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In 1751, Euler was studying the number of ways in which a given convex polygon could be decomposed into triangles by diagonal lines.1

He realized that the progression of numbers in the solution $S = 1, 2, 5, 14, 42, 132,...$ was directly related to the coefficients of the series expansion of the polynomial fraction $\frac{1 − 2a − \sqrt{1−4a}}{2aa}$, that is: $1 + 2a + 5a^2 + 14a^3 + 42a^4 + 132a^5 + ...$

Given any constructable combinatorial structure, one can use a set of operators to find a generating function and then approach the problem analytically.

See the docs.

Check the text book by Flajolet & Sedgewick and Coursera's full course by Robert Sedgewick for more.

Kudos to Ricardo Bittencourt for his introductory texts on the subject and for helping in an initial implementation.

Quick start


Python package sympy is required for some utilities.

$python -m pip install --upgrade pip
$pip install sympy

Then, from Julia:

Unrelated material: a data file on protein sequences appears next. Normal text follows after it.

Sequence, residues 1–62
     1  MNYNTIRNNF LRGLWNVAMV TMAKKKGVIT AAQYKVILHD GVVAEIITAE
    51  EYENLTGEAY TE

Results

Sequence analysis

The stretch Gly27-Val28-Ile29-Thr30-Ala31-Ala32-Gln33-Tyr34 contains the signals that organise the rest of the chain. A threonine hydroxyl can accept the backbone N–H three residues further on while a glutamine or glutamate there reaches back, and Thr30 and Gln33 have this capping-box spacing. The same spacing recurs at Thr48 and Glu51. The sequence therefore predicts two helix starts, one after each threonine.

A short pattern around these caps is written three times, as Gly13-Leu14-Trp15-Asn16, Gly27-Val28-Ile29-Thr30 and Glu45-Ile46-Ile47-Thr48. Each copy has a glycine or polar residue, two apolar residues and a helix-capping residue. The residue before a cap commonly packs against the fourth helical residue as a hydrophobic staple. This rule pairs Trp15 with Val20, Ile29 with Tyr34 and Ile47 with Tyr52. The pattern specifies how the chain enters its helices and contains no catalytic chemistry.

pkg>add AnalyticComb


This software can be used to solve problems such as Polya's problem of partitions with restricted summands 2. What is the number of ways of giving change of 99 cents using pennies (1 cent), nickels (5 cents), dimes (10 cents) and quarters (25 cents)?

julia> using AnalyticComb
julia> restricted_sum_part_gf([1,5,10,25]) # examine the generating function from specification SEQ(z)*SEQ(z^5)*SEQ(z^10)*SEQ(z^25)
        ⎛     5⎞ ⎛     10⎞ ⎛     25⎞
(1 - z)⋅⎝1 - z ⎠⋅⎝1 - z  ⎠⋅⎝1 - z  ⎠

julia>restricted_sum_part(99,[1,5,10,25]) # Counts for 99 as a sum of elements in (1,5,10,25).
  1. Flajolet, P., & Sedgewick, R. (2009). Analytic combinatorics. Cambridge University press. Page 20

  2. Ibid. page 43